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Landlord Tenant Disputes

Welcome to FindLaw's Real Estate Center's Landlord -Tenant Disputes section. Disputes between landlords and tenants range from upkeep and repair issues to nonpayment of rent and potential eviction.

The terms of the lease of any rental agreement form the basis of any landlord-tenant relationship. Landlords and Tenants should understand their obligations and responsibilities through a lease agreement.

State, local and federal law often gives more protections, such as the "implied warranty of habitability."

This article will explore common landlord-tenant disputes.

The Lease Agreement

The starting place for resolving a landlord-tenant dispute is the lease agreement. Do not rely on an oral agreement whether you are the landlord or the tenant. Memories are fallible, so make sure always to use a written agreement. The parties should turn to the lease to support their positions in a dispute.

Remember, lease agreements are a contract between two or more parties and are legally binding. This means you agree to follow all the terms when signing a lease. If the dispute goes to court, the court will rely on the agreement in deciding the case.

Common Landlord-Tenant Disputes

A few areas for common landlord-tenant disputes include the following:

  • Housing discrimination
  • Termination of tenancy
  • Security deposits
  • Maintenance

Housing Discrimination

Housing Discrimination exists when a landlord, or real estate agent, refuses to rent to, show or process an application based on an arbitrary characteristic such as race or gender. At the federal level, the Fair Housing Act prohibits discrimination in the sale, rental, or financing of housing based on the following:

  • Race
  • Religion
  • National Origin
  • Gender
  • Disability

Housing discrimination against a person with a disability, for example, includes refusing reasonable modifications for a disabled person's accessibility.

Termination of Tenancy

Eviction is one type of termination of tenancy, which involves removing the tenant from the rental unit.

Common disputes leading to eviction include the following:

  • Nonpayment of rent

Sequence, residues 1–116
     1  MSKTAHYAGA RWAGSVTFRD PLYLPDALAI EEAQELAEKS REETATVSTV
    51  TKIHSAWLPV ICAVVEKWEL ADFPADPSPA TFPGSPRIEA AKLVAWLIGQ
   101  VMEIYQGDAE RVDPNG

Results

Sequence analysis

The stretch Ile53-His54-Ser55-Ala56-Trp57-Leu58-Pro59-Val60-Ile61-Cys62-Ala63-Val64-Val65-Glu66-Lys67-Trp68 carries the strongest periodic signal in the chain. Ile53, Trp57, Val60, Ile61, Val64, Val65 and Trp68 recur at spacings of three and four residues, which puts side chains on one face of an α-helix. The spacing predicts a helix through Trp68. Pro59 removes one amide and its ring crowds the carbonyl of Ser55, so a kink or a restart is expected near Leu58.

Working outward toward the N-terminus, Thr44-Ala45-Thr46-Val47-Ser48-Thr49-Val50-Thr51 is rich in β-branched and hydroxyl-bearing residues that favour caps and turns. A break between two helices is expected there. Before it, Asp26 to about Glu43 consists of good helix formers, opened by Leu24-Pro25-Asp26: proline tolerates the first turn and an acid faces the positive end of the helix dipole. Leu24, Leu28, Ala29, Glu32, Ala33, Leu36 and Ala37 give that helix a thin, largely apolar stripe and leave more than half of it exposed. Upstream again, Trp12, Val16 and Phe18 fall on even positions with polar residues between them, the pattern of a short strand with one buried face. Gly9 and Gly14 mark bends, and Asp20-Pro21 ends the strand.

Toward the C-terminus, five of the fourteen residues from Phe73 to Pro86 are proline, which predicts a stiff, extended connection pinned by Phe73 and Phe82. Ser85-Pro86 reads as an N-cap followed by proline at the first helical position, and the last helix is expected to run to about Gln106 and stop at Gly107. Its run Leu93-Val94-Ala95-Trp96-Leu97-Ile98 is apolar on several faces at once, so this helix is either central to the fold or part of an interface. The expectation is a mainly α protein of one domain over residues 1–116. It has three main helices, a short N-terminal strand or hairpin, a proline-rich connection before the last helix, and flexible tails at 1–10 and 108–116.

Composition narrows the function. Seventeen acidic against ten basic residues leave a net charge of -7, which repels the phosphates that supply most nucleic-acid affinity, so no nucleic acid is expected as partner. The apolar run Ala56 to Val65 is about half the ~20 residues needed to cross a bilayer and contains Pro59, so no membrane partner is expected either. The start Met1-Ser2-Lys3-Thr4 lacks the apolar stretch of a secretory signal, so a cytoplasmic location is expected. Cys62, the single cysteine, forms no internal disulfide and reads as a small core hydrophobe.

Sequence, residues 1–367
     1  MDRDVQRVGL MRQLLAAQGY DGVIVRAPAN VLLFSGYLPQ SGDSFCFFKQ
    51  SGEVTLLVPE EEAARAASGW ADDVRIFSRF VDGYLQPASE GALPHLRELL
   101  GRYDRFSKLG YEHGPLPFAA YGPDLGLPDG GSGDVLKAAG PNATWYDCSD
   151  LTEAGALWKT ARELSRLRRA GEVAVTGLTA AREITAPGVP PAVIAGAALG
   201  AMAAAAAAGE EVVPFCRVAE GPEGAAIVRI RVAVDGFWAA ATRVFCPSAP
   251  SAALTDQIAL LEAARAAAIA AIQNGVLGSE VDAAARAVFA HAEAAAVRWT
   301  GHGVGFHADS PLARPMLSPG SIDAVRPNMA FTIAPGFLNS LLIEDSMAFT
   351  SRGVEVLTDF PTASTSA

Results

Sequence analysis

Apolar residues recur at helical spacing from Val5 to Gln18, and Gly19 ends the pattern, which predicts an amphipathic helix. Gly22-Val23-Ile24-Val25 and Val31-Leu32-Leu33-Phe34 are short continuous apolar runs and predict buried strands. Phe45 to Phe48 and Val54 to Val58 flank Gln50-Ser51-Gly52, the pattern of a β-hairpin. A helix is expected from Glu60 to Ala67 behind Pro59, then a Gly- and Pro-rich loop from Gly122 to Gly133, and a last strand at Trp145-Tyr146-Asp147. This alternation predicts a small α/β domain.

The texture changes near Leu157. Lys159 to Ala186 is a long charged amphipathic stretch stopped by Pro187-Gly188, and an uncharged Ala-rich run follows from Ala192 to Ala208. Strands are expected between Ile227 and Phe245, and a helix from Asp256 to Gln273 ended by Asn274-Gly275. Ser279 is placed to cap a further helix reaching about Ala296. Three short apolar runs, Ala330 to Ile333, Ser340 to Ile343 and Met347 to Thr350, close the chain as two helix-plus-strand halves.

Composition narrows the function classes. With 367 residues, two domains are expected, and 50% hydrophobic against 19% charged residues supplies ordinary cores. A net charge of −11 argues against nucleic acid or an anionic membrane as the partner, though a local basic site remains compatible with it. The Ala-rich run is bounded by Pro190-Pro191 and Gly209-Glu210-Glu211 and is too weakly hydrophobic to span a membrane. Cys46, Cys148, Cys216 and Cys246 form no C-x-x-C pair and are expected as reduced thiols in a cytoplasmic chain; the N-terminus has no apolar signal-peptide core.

• Property destruction
  • Criminal activity on the rental property

Landlords must follow local laws and ordinances when evicting a tenant. Landlords are not entitled to self-help. They must follow due process in eviction proceedings. Self-help includes changing the locks or removing the tenant's personal property from the rental unit.

Eviction Proceedings

The first step in the eviction proceeding is giving the tenant written notice explaining the breach that needs correcting. If the tenant does not respond in a reasonable amount of time, the landlord may pursue formal court eviction proceedings.

If the landlord wins the eviction case, the tenant will have a few days to vacate the rental unit. A court may impose attorney's fees on the losing side, so it is vital to understand and follow your lease agreement.

Unlawful detainer

An alternative to an eviction is an unlawful detainer. An unlawful detainer follows the same steps as an eviction and is often applied to a hold-over tenant after a foreclosure on the property. The landlord files a petition with the court, the tenant must respond, and a jury trial follows in many cases. It's a quick way to resolve an eviction dispute.

Security Deposit

Security deposits are another common source of landlord-tenant disputes. Before move-in, tenants often pay a security deposit as security for nonpayment of rent or property damage. In most states, the landlord must return the deposit within 30 days after move-out. The landlord must give the former tenant an itemized list of deductions when returning the security deposit, and the tenant must also provide the landlord with a good forwarding address on where to send the security deposit.


Landlords or their property management company are responsible for maintenance and necessary repairs in a rental unit and the common areas. Under the "implied warranty of habitability," they must follow local housing codes and make essential repairs.

Your lease agreement should include specific language outlining the landlord's maintenance obligations. In most cases, the landlord will include a number to call for maintenance repairs. Tenants should give the landlord a reasonable time to make the repairs.

Rent Abatement

If a landlord refuses to repair, the tenant can pay for the repair and deduct the cost from the rent, but refer to your lease agreement to see if there are special rules concerning rent abatement. In some leases, rent abatement may not be allowed. But if allowed, the tenant places their rent money into an escrow account in case their landlord sues for nonpayment of rent. The tenant can then demonstrate to the court that money was set aside for the repairs.

Avoiding Disputes

The best way to resolve landlord-tenant disputes is to avoid them altogether. Disagreements or misunderstandings are best handled outside of court. For instance, tenants should study their lease agreement and understand their rights and responsibilities. If a problem arises, talk to the other party immediately. Keep hard copies of notes and correspondence related to the issues.

Small Claims Court

Small claims court should be the last resort for resolving disputes. Many small claims courts can handle cases below a specific amount of money. For instance, matters commonly resolved in small claims court include disputes over unpaid rent or security deposits.

Get Help

Landlord-tenant law is complex. A qualified, local landlord-tenant lawyer can help you understand landlord-tenant acts and other legal issues related to landlord-tenant law. Speak to a landlord-tenant lawyer today for sound legal advice.

Learn About Landlord Tenant Disputes

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